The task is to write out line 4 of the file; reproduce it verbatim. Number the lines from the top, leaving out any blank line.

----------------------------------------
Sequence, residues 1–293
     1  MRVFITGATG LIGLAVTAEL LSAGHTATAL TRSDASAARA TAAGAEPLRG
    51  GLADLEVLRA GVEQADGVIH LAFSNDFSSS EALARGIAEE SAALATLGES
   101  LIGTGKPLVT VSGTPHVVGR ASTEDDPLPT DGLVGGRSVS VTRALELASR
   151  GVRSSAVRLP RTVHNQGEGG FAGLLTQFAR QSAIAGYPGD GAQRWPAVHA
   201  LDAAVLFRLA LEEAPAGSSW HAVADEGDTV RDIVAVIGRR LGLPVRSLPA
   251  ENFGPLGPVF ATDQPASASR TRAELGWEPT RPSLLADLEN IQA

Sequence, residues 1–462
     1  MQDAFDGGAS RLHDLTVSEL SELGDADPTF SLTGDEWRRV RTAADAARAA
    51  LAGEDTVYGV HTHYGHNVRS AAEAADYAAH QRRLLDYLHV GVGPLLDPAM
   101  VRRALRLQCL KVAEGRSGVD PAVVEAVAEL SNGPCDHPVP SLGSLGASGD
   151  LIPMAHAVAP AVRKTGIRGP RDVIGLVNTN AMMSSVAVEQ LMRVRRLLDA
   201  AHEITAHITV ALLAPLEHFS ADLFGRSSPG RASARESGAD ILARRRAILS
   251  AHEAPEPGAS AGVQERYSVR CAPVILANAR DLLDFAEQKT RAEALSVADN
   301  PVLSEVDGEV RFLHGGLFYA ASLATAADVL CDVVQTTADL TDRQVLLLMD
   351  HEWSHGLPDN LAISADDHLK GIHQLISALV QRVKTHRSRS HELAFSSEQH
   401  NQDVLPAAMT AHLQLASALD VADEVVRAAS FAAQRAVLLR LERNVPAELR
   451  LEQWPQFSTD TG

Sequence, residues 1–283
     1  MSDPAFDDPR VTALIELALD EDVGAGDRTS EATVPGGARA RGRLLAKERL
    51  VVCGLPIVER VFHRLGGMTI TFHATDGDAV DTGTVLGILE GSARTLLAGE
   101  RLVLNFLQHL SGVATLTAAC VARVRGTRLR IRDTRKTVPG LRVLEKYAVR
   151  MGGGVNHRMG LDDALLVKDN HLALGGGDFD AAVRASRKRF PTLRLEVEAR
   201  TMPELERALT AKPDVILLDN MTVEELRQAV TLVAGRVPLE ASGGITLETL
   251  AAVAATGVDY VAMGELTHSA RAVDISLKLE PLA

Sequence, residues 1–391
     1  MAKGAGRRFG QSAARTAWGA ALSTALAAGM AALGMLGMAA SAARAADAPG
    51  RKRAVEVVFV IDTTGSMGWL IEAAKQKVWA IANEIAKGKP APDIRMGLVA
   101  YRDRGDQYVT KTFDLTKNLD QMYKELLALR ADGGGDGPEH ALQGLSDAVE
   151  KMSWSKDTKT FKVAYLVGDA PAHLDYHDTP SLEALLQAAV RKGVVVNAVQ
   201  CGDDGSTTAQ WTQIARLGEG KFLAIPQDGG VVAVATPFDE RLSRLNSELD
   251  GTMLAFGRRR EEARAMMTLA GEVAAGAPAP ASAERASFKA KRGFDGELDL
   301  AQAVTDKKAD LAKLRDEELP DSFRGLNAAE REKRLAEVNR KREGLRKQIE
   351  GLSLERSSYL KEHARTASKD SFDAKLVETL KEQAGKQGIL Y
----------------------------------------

   101  LIGTGKPLVT VSGTPHVVGR ASTEDDPLPT DGLVGGRSVS VTRALELASR